Maestro: Kubernetes Game Room Scheduler
Clone or download
Fetching latest commit…
Cannot retrieve the latest commit at this time.
Permalink
Failed to load latest commit information.
api
autoscaler
cmd
config
controller
dev-room
docs
errors
eventforwarder
extensions
helm
hooks
load-test
login
manifests
metadata
migrations
mocks
models
plugins/grpc
reporters
scripts
testing
watcher
worker
.DS_Store
.Dockerignore
.gitignore
.travis.yml
Dockerfile
Gopkg.lock
Gopkg.toml
Makefile
README.md
after-success.sh
create-helm-chart.sh
docker-compose-test.yaml
docker-compose.yaml
go.mod
go.sum
id_rsa_travis.enc
maestro.png
main.go

README.md

Maestro: Kubernetes Game Room Scheduler

Build Status Coverage Status Go Report Card Docs

Goal:

Have an unified system that automatically scales game rooms regardless of the protocol (TCP, UDP). This system is related to a matchmaker but does not handle the specificities of a match such as how many players fit in a room. It only deals with high level room occupation, i.e. is the room occupied or available. The rooms communicate directly with the matchmaker in order to register and unregister themselves from the matchmaking.

Let us define a Game Room Unity (GRU) as a Kubernetes service (type nodePort) associated with a single pod. This restriction is made because in AWS we cannot load balance UDP. We're using containerized applications and Kubernetes in order to simplify the management and scaling of the game rooms.

Architecture:

Maestro is a game room scheduler that is composed by a controller, a watcher, a worker, an API and a CLI. In the future we may have an UI for displaying metrics such as:

  • % of rooms usage
  • rate of room occupation increase/decrease
  • rooms cpu and memory usage
  • etc.

maestro-controller:

The controller is responsible for managing the Game Room Unities (GRUs). It creates and gracefully terminates GRUs according to auto scaling policies defined by the user. It makes use of the Kubernetes cluster's API endpoints in order to have updated information about the GRUs managed by Maestro. It is also responsible for persisting relevant information in the database and managing rooms statuses.

maestro-watcher:

The watcher ensures that at any time the Game Room Unities (GRUs) state is as expected. If the scaling policies say that one should have 10 GRUs of a given type, the watcher will ask the controller to create or terminate GRUs as needed. The desired state is kept in a database that is consulted by the watcher (via controller) each time it runs. It has a lock so Maestro can be scaled horizontally. Each scheduler (i.e. maestro scalable entity) has its own watcher.

maestro-worker:

The worker ensures that all valid schedulers (i.e. schedulers that exist in the database) have running watchers.

maestro-api:

The API is the connection of Maestro to the external world and with the game room itself. It is responsible for:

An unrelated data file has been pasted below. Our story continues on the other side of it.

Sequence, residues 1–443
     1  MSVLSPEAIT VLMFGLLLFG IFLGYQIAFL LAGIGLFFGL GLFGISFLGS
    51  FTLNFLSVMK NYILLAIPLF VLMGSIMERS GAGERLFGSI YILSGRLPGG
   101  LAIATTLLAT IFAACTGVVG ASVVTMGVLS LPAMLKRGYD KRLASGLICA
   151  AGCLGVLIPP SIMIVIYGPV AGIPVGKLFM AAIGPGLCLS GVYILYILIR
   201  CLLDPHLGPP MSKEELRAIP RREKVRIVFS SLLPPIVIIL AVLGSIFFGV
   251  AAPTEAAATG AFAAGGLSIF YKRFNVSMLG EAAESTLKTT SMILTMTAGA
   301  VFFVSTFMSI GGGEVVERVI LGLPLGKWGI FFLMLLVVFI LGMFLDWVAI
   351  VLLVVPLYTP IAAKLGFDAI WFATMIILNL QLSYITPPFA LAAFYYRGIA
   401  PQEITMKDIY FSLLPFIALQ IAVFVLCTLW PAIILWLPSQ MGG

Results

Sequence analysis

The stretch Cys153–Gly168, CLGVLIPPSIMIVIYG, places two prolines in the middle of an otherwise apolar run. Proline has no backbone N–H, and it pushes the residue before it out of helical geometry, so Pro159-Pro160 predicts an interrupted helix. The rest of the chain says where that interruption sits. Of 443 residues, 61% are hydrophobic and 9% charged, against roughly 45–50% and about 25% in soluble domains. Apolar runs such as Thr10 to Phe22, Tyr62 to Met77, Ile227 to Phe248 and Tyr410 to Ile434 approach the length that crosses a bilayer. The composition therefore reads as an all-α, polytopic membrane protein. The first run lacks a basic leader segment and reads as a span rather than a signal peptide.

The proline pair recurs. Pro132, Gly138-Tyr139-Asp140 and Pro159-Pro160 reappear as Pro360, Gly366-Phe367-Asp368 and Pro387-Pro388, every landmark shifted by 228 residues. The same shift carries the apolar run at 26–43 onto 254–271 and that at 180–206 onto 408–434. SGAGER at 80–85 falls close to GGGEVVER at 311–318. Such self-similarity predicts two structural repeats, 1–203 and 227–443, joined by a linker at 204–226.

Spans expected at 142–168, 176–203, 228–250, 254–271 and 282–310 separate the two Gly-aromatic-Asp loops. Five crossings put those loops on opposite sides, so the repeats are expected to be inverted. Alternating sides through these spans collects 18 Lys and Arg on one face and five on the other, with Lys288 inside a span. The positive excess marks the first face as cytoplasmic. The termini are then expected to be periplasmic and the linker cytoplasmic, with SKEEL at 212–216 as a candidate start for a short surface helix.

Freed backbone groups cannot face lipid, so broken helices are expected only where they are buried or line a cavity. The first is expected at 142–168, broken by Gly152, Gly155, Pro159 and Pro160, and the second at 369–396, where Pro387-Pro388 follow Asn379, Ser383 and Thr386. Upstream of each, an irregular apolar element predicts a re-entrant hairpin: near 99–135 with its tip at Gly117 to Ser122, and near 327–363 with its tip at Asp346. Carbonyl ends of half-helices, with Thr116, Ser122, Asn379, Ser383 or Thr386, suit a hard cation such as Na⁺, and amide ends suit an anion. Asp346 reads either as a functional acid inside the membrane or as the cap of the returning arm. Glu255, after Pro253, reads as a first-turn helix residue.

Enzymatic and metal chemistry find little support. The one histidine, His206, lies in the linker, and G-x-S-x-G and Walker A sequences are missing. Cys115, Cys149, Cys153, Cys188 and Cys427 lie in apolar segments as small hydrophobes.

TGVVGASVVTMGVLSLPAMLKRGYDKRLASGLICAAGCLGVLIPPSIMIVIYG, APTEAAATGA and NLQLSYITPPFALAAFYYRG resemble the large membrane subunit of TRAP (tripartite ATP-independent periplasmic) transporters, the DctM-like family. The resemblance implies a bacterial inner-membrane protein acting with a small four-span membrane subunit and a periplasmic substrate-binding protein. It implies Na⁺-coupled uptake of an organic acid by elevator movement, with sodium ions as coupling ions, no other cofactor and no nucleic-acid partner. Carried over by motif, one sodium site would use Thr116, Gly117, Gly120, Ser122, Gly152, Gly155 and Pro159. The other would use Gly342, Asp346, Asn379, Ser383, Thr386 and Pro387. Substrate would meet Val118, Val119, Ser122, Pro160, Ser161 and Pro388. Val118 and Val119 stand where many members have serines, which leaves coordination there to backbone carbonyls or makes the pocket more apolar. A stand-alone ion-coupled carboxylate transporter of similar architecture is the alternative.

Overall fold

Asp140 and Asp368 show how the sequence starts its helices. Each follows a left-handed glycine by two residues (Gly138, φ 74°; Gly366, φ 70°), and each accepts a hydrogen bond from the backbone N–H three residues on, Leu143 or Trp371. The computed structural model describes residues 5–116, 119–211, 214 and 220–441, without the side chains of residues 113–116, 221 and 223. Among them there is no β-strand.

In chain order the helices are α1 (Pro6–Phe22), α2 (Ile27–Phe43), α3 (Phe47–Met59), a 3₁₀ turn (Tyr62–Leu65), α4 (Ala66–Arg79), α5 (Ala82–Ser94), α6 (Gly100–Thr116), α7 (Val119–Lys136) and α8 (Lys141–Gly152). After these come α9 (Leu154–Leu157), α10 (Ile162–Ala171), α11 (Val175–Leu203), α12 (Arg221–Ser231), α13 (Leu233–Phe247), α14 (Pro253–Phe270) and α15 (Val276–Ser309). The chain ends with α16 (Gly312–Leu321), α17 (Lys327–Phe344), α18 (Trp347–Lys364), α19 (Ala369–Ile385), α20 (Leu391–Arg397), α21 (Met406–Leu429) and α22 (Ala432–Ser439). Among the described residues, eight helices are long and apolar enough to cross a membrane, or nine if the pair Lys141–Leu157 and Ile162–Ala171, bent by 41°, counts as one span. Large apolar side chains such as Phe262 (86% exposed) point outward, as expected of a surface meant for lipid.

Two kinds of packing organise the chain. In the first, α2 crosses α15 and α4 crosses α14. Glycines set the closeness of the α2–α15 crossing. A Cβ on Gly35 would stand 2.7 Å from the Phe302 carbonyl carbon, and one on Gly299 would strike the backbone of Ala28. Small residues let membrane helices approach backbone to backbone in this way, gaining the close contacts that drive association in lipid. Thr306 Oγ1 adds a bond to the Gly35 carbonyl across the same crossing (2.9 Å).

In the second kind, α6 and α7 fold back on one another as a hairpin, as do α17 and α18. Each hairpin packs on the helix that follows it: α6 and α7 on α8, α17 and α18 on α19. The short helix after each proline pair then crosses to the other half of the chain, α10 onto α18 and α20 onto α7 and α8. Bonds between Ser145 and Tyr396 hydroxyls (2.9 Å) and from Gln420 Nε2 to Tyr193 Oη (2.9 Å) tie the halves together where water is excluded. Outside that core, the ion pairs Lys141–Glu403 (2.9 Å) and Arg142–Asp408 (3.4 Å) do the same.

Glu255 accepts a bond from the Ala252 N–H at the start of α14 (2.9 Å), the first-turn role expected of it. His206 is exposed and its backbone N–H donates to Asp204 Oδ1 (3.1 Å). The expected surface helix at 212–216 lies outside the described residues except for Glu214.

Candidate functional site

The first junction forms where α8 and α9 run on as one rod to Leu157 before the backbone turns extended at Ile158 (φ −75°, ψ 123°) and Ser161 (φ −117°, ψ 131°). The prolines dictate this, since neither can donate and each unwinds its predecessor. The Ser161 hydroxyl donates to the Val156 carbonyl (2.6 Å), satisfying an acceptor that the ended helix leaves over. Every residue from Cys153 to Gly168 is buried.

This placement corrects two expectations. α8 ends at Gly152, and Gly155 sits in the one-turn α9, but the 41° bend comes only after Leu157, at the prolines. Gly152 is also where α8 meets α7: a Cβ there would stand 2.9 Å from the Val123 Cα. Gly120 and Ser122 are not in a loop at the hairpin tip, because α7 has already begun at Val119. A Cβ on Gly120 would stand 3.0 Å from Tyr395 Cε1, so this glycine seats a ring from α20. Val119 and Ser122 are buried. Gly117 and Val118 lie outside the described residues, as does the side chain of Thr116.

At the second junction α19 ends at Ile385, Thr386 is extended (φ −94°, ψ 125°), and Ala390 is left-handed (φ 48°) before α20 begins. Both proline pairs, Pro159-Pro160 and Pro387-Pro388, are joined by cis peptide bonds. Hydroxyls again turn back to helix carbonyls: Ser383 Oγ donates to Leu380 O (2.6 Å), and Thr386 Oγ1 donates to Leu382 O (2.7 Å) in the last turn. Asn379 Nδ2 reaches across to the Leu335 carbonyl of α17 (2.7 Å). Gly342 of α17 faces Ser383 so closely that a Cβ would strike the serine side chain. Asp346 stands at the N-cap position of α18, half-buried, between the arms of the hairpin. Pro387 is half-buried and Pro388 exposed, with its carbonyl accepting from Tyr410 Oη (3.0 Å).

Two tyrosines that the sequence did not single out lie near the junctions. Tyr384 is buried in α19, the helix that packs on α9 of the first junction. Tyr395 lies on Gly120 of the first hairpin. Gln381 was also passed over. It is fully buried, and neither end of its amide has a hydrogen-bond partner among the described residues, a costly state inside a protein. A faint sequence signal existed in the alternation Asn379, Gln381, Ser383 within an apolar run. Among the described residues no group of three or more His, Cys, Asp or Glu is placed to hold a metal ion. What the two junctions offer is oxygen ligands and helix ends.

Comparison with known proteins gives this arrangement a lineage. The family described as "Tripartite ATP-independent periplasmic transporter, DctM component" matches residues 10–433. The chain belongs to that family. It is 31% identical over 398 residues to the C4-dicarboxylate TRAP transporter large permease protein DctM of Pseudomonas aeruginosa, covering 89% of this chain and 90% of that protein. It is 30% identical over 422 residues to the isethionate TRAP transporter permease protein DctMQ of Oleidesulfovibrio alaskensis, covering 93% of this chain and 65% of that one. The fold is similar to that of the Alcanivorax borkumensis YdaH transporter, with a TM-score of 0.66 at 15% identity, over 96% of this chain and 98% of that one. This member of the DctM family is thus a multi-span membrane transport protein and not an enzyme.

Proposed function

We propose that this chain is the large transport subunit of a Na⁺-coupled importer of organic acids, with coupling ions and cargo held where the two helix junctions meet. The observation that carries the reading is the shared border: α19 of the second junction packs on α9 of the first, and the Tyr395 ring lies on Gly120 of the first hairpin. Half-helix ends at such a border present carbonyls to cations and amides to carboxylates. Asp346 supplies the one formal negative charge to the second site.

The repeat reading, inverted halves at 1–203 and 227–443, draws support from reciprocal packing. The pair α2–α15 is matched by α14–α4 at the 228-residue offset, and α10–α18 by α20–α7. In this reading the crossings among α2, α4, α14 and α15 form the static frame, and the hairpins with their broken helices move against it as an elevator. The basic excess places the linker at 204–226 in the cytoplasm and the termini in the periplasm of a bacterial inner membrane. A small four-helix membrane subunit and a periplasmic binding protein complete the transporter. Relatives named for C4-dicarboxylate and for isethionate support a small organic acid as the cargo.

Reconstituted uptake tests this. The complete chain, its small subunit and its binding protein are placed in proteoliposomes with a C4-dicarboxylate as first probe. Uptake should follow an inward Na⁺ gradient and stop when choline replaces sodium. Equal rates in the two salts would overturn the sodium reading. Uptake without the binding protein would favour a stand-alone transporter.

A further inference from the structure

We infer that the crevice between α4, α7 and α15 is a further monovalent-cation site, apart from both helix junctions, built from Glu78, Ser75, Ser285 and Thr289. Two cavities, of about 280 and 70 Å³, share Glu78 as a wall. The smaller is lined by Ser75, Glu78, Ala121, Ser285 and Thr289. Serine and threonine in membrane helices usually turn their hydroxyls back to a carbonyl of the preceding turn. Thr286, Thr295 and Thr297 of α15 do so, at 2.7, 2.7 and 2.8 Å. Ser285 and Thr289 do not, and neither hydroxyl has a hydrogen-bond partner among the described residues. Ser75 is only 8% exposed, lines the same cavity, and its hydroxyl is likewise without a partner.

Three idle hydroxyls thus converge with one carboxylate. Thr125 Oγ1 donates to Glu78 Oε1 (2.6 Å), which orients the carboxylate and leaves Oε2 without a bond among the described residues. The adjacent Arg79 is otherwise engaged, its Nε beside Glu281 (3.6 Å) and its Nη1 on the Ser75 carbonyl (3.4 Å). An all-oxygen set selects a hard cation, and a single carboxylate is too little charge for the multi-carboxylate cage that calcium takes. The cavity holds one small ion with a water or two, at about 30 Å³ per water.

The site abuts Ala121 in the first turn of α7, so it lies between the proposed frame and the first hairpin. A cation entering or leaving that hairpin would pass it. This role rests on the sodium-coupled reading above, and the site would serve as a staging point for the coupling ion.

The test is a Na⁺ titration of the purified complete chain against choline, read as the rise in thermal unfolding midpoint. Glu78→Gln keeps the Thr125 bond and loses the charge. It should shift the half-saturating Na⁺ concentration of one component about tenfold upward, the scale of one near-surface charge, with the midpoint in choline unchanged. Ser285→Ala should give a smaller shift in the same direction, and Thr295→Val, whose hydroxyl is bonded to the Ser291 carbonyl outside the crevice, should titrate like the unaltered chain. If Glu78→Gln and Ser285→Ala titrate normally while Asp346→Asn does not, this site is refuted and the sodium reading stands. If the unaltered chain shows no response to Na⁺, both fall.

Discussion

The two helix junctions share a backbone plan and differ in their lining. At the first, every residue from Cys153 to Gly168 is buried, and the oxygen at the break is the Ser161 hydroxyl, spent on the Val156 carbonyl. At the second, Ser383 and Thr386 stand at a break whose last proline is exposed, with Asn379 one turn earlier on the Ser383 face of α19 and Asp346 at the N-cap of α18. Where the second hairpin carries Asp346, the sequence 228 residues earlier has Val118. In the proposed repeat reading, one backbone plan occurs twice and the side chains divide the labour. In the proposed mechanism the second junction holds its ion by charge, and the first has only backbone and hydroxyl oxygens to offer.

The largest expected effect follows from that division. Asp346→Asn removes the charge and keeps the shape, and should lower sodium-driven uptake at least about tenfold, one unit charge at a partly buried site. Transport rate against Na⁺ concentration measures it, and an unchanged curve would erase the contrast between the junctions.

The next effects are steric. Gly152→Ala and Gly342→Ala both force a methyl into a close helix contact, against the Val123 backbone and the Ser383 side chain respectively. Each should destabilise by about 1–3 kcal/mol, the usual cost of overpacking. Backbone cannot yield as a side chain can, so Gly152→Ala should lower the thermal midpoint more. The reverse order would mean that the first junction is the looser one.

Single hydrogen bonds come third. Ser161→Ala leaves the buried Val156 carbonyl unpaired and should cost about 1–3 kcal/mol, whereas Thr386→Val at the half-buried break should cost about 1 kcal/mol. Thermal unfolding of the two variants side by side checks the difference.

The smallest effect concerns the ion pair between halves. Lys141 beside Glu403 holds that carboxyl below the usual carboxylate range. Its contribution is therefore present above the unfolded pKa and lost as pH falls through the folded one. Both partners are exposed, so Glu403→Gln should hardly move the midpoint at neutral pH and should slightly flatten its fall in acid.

• Managing GRUs status and healthcheck (status are: creating, ready, occupied, terminating and terminated);
  • Saving the scheduler config in a database that will be consulted by the watcher;
  • Managing the pool of GRUs with each GRU host ip and port;

maestro-cli:

The CLI is a wrapper for the maestro-api endpoints.

maestro-client:

A client lib for Unity and cocos2dx responsible for calling maestro HTTP routes defined in the room protocol. It also must catch sigterm/sigkill and handle the room graceful shutdown.

Configuring Maestro Schedulers

Maestro receives a config file (yaml or json) for each scheduler.

The config file must have the following information:

  • Docker image
  • Autoscaling policies
  • Manifest yaml template
    1. Default configuration (ENV VARS)
    2. Ports and protocols (UDP, TCP)
    3. Resources requests (cpu and memory)

Example yaml config:

name: pong-free-for-all     # this will be the name of the kubernetes namespace (it must be unique)
game: pong                  # several configs can refer to the same game
image: pong/pong:v123
affinity: node-affinity     # optional field: if set, rooms will be allocated preferentially to nodes with label "node-affinity": "true"
toleration: node-toleration # optional field: if set, rooms will also be allocated in nodes with this taint
occupiedTimeout: match-time # how much time a match has. If room stays with occupied status for longer than occupiedTimeout seconds, the room is deleted
ports:
  - containerPort: 5050     # port exposed in the container
    protocol: UDP           # supported protocols are TCP and UDP
    name: gamebinary        # name identifying the port (must be unique for a config)
  - containerPort: 8888
    protocol: TCP
    name: websocket
requests:                   # these will be the resources requests applied to the pods created in kubernetes
  memory: 1Gi               # they are used to calculate resource(cpu and memory) usage and trigger autoscaling when metrics triggers are defined
  cpu: 1000m                
limits:                     # these will be the resources limits applied to the pods created in kubernetes
  memory: "128Mi"           # they are used to decide how many rooms can run in each node